The pandemic has been a catalyst of change and of real innovation. But where do we go from here? What is the future of face-to-face appointments? What innovation will stay, and what do we want to stay? In our discussions, it came through how important it will be to make these types of decisions not using a one-size-fits-all approach, but on a case-by-case basis.
The digital divide is still very real. Not just based on age, as often assumed, but often on socioeconomic factors, digital exclusion is preventing many from fully accessing the services they want and need. So while for some, a move back to face-to-face will be much needed, others, such as people who live with chronic pain, may welcome continued remote access even well after the pandemic is over.
So let’s take what we’ve learned from the pandemic, but let people decide what works best for them. While technology will undeniably be an important facet of the future of health, it will be vital to not lose sight of what it’s all really about: people.
Centralising responsibility for care – a step forward or backward for prevention?
The final proposal of the White Paper is a greater centralisation of responsibility for the NHS to make it “more accountable and responsive to the people that work in it and the people that use it”.
However, while brought in as a measure to clarify who is accountable for the health service, this proposal has received heavy criticism from a number of stakeholders as it risks undermining the day-to-day clinical and operational independence of the NHS.
Moreover, giving ministers the power to intervene earlier in local decisions about the opening and closing of NHS services could lead to the greater politicisation of local service decisions, sparking concerns about a potential growth of short-termism and political rather than outcomes-driven decisions focused on “quick wins” and treatment rather than prevention.
“We need to level up and bring regionalism into health, then you will have a prevention agenda”, argued one of our webinar participants.
And where does it all fit in the wider picture?
So now the question of where this fits into the wider picture…
While the White Paper sets out some important priorities, a number of our webinar participants voiced concerns that many of the important areas that should be included in a discussion on integration, such as social care, but also housing, education and infrastructure need to be brought into the mix to deliver real change.
Moreover, while mentioning the role of integrated care systems in the context of an ageing society, the White Paper makes no reference to the Government’s target to deliver an additional five extra years of healthy life expectancy for all by 2035. Similarly, there is no mention of the NHS Long Term Plan or other ongoing policy developments. So how exactly does this fit into the Government’s wider plans and can we expect to see the promised results?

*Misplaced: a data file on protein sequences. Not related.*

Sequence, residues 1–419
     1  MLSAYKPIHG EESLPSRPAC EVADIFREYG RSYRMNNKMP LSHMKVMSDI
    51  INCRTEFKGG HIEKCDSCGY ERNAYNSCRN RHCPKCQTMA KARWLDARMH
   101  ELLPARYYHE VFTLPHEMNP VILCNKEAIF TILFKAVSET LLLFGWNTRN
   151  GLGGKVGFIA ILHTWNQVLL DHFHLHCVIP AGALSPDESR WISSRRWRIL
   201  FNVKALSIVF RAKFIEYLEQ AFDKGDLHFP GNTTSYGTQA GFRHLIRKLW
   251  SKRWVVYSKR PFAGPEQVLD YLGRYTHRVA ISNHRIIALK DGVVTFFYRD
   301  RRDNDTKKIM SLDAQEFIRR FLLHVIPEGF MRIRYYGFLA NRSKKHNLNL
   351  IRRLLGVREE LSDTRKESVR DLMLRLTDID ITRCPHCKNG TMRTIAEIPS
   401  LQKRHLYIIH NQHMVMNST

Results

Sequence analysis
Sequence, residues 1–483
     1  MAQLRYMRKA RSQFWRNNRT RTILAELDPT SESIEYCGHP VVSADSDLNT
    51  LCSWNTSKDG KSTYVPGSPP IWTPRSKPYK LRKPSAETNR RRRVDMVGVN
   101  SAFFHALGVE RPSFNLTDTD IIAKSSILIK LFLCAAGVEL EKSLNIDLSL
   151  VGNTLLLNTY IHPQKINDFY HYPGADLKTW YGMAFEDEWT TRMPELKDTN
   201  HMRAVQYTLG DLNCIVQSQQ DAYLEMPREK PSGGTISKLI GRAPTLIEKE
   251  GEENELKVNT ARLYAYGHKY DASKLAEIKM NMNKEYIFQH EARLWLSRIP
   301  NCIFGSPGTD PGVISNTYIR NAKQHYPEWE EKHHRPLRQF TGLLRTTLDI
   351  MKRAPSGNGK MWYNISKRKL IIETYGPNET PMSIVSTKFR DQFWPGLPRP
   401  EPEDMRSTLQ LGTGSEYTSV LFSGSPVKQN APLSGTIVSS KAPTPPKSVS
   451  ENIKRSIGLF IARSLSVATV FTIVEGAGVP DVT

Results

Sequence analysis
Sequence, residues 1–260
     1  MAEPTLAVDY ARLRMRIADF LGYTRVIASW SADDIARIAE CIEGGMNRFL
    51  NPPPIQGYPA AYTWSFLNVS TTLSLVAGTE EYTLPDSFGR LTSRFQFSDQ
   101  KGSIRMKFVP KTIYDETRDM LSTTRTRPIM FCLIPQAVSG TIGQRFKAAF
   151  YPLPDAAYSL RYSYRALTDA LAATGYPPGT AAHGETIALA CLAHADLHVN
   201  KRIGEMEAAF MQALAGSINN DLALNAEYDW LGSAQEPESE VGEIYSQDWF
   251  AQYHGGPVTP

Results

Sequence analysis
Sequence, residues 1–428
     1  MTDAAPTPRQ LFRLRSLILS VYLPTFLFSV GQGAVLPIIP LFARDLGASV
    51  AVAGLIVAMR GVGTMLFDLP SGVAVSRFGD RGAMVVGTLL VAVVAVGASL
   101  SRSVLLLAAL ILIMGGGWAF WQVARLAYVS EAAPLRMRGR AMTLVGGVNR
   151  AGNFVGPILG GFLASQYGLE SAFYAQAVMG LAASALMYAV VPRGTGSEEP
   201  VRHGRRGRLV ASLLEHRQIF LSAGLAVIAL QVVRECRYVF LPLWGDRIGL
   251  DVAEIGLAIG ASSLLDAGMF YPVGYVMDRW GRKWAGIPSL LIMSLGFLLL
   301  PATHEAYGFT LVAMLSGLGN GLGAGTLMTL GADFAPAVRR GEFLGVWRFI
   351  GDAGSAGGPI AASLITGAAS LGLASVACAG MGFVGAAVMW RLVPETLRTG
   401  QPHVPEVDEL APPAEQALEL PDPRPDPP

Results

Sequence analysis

It’s certainly a mixed bag. Many of our participants felt like the White Paper had been slipped in during the pandemic with not much plan for action or tie-in with existing strategies.
But focussing on what the Paper does do..
Alongside the catastrophic effects of COVID-19, the pandemic has nonetheless advanced opportunities for more tailored, more person-centred care. But to deliver on this vision, it’ll be vital to follow through on implementation and heed lessons from what we know works, and make sure that we’re tailoring services to those who are using them and need them most.
Technology has a great role to play in this, and better interoperability and availability of data will be integral to these proposals. Within this, we need to make sure it’s not tech for tech’s sake and that we make the most of its role as an enabler, without locking out people who are digitally excluded.
And to deliver prevention in an ageing world, it will be vital that greater Ministerial involvement doesn’t disempower local authorities and communities, leading to short-termism and political decisions that aren’t in line with the priorities set out in the Government’s Ageing Society Grand Challenge and NHS Long Term Plan.
As part of our Delivering prevention in an ageing world programme, ILC is looking beyond why we ought to promote prevention to how we can deliver it by:
- Democratising access to prevention to tackle growing health inequalities
- Inspiring and engaging policymakers, healthcare professionals and individuals with the prevention agenda
- Utilising technology effectively for prevention
We have published the three consultation papers gathering insights on what works in delivering prevention in an ageing world. Find out more about our programme and respond to our consultations here.
Global Policy and Influencing Manager
Lily leads ILC’s policy, public affairs and influencing activity in the UK and across the world.
Her work spans all policy areas, from health and care, to intergenerational relations, to vulnerable consumers.
She has a particular interest in the prevention of ill health and has spoken on the topic at a number of conferences, workshops and webinars.
She has been quoted in the media, including in The Guardian, BBC Radio Scotland and BBC Radio Oxford among others.
Lily sits on the Advisory Board of the Age Action Alliance and previously managed the Innovating for Ageing Awards.